Friday, November 7, 2008
Two persons, forty brief scenes, a scant hour and twenty minutes in a playing space about the size of a writer’s study – this was the most deeply satisfying theatrical experience I’ve had since beginning my exploration of Austin theatre last year.
The Nina Variations is a theatre-maker’s dream, crafted by Stephen Dietz from the material of Chekhov’s The Seagull. Coincidentally, last year’s production of that play by Broken String Players at the Off Center was my first evening of Austin theatre.
This beautiful evening will be caviar to the general, in part because to appreciate its creativity fully the audience should have at least a vague acquaintance with Chekhov’s quietly comic melancholy, with the source play and with its characters. Playwright Dietz does give us a quick refresher in Scene 4, as Treplev (Aaron Hallaway) gives a list of the characters with comments on their relationships, illustrated with whimsical drawings, back-projected.
Chekhov always gives us a large cast of characters. Family members, friends, local officials, servants and others spend much of their time in desultory talk with and about one another. The trivial mixes with the transcendent. There is a slow overall movement through his plays, but just as in real life, the present moment is the most important. And the present moment is often filled with longing, with banter, with philosophizing, with small absurdities.
The Seagull, set in a remote Russian province, opens as family and friends gather by an improvised stage by the lake. Treplev, the neglected son of a famous actress, is staging a play, a new sort of play, in which he has confided the single role to Nina, the neighbor girl whom he adores. As dusk gathers, Nina delivers before the idly curious group of onlookers Treplev’s impossible text, a soliloquy evoking a time hundreds of years from now, when mankind will have perished and the earth will have changed unutterably. When they titter at his concept and at the red-eyed devils that appear to accompany his words, Treplev angrily breaks off the presentation.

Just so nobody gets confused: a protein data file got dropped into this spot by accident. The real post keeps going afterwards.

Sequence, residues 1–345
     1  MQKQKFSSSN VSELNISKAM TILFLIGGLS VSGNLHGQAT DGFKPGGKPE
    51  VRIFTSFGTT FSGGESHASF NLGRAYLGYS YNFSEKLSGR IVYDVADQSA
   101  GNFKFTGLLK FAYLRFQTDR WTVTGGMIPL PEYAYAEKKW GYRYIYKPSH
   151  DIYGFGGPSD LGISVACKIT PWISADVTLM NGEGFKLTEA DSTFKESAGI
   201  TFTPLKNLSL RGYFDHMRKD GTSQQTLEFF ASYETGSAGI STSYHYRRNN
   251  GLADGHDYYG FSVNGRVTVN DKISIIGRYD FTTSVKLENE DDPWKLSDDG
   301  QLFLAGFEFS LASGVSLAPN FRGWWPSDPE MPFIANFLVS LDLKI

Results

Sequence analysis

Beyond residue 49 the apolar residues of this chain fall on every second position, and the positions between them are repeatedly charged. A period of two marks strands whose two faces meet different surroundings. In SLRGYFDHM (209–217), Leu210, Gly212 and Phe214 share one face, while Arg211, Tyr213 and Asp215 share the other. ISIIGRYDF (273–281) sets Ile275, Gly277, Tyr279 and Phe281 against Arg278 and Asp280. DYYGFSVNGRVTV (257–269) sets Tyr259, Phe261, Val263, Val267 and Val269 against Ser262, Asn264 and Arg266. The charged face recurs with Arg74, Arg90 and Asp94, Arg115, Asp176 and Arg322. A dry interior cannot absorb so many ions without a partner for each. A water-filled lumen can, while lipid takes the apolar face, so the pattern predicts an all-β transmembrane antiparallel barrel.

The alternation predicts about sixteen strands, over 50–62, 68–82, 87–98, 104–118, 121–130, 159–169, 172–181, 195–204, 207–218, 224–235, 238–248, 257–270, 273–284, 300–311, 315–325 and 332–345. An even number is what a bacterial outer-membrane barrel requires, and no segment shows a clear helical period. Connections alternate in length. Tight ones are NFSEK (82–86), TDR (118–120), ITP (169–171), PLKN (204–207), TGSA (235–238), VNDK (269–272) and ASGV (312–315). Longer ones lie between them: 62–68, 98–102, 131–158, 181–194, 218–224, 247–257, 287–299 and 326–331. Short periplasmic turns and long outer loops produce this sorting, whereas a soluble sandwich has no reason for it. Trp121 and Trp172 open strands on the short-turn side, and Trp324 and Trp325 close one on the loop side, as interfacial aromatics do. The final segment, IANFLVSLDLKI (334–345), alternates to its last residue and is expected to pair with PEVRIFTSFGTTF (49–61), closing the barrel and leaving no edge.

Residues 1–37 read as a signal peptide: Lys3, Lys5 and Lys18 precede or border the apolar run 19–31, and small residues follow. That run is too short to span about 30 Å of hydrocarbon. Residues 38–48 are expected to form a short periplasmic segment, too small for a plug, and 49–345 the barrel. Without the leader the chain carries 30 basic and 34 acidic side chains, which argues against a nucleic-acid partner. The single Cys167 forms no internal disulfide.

Much, much more happens in the play. But Act IV, set years later, gives us Treplev once more, a recognized though anonymous author, scribbling in his study. His beloved Nina has returned to town, after running off to live with the successful novelist Trigorin, who neglected and abandoned her even though she bore his child. Nina is now a working actress. She comes unannounced to the door of Treplev’s study. After a brief encounter, a scene of less than three pages, she leaves him, leaves the town, and leaves the province. Shortly afterwards, as Treplev’s family and acquaintances play cards, they hear a distant explosion. The family doctor goes out, comes back unperturbed, reassures everyone, then draws a friend downstage to tell him, in confidence, that Treplev has just shot himself. Curtain.
For The Nina Variations we are allowed into the house just fifteen minutes before the announced starting time of 8 p.m. Treplev is there, seated at his desk, wrapped in thought, scribbling, revising, thinking, scribbling some more.
There is a faraway, droning chord, almost obscured by the low surge of the ventilation system. We sit. We watch Treplev. If we are so minded, we can empty our thoughts, quiet those drunken monkeys of the mind, and absorb the scene of the writer at work, emblematic not only of Treplev’s dilemmas but also of those of playwright Stephen Dietz. After that contemplation, eventually the distant music changes, a young woman walks irresolutely out of the shadows beyond the stage, and Nina initiates the action.